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BOE's King facing more ethics complaints

By Curt Yeomans

cyeomans@news-daily.com

Clayton County Board of Education member Michael King is facing more ethics complaints regarding his involvement in a lawsuit against the school system while sitting on the board.

On Oct. 2, state ethics watchdog George Anderson, executive director of the Rome-based Ethics in Government Group, filed complaints against King with Gov. Sonny Perdue, the Southern Association of Colleges and Schools (SACS), and the State Bar of Georgia.

The claims include alleged violations of the board member's oath of office and code of ethics as an elected official and a lawyer, and a breach of public trust.

The school board censured King on Monday because he represented Lakeetra Mason, a former teacher, in a lawsuit against the school system even while sitting on the board. The case was thrown out by a U.S. District Court judge on Sept. 30.

"Even though the case has been thrown out, it doesn't take away from the fact that he did not disclose his involvement in the case until he was confronted about it," said Anderson. "The appearance of an impropriety is just as bad as the impropriety itself."

King could face removal from office, and possible disbarment, if the complaints are upheld.

Perdue is being asked to have a state administrative judge investigate King's involvement in the case and decide whether the board member should be removed from office for violating the board's ethics, and conflict-of-interest policies.

Anderson's complaint also cited King for advertising a Sept. 5 board meeting, which never took place. The school system accused him of violating six board policies on that occasion, because King did not have the authority to call for, or advertise, any board meetings.

Anderson based his request on an earlier decision by the governor to have four now-former Clayton County school board members investigated in August by an administrative judge. That investigation resulted in Perdue removing the board members on Aug. 28.

King said he does not think there is "any substance" to, and "no basis" for, Anderson's complaints. "I have no control over those people who want to file complaints against me, but they do have a right to do so, I guess," said King.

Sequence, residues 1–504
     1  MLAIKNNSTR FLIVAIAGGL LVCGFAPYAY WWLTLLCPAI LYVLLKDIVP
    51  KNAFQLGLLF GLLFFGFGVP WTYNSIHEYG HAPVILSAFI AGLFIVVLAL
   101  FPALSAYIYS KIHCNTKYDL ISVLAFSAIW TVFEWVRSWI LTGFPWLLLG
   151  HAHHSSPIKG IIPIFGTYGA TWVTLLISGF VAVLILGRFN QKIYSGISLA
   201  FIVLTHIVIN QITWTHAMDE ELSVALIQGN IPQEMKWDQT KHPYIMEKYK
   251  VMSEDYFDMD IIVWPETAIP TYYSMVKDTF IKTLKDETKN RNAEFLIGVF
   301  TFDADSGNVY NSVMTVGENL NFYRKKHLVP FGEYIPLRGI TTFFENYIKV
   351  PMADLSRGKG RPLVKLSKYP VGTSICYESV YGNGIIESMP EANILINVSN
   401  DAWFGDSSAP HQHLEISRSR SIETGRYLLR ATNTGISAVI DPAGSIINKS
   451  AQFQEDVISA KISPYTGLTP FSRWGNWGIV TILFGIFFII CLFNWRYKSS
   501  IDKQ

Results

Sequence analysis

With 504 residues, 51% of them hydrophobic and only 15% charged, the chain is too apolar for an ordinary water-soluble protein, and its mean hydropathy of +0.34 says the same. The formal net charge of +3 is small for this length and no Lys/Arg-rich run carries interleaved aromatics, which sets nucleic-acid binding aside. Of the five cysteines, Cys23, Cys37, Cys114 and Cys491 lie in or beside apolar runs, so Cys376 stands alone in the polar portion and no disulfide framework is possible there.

He said he would welcome an administrative hearing on the issue of his representation of Mason. The attorney asked his colleagues to grant him an evidentiary hearing, so he could present his side of the issue, but no hearing was held. The accused board member said he has a right to a hearing under the state's ethics law, but the school board used its ethics policy as guidance on the censure issue.

"What I would like a court to decide is whether or not board policy supersedes the state's ethics law," said King. He also said he does not believe the complaints will go anywhere.

Bert Brantley, the governor's spokesman, said the complaint is being reviewed by Perdue's staff, and a decision has not been made about sending the complaint onto an administrative judge. He also said "the decision will be based on the information we have ....

"We just got it yesterday, so we'll look at it and see how it matches up with the state code," Brantley added. "We don't take these things lightly."

Schoolboard Chairperson Alieka Anderson (not related to George Anderson) said the board will give "100 percent" support to whatever decision Perdue makes concerning King.

"We are trying to get our accreditation back, and we don't need anything getting in the way," she said. "Whatever it takes, we're going to move forward for the children."

However, King could also find his ability to practice law in jeopardy. George Anderson is asking the State Bar of Georgia to look into possible ethics violations by the board member for representing Mason. The state bar is also being asked to look into whether the law school King graduated from, the now-defunct Atlanta Law School, was accredited when the board member got his legal degree.

Disbarment is the maximum punishment King could face if the state bar's investigators decide he acted in an unethical manner.

When contacted on Oct. 2, officials with the State Bar declined to comment on the issue, citing the bar's policy to not confirm whether an investigation is taking place.

George Anderson also wanted to have SACS look into the matter, but Jennifer Oliver, a spokesperson for the accrediting agency, said, "Since Clayton County is not an accredited school system, we are not going to do anything with the complaint." Last week, Oliver said SACS officials were going to let the board deal with this issue on its own, but she also urged the board to follow its ethics policy.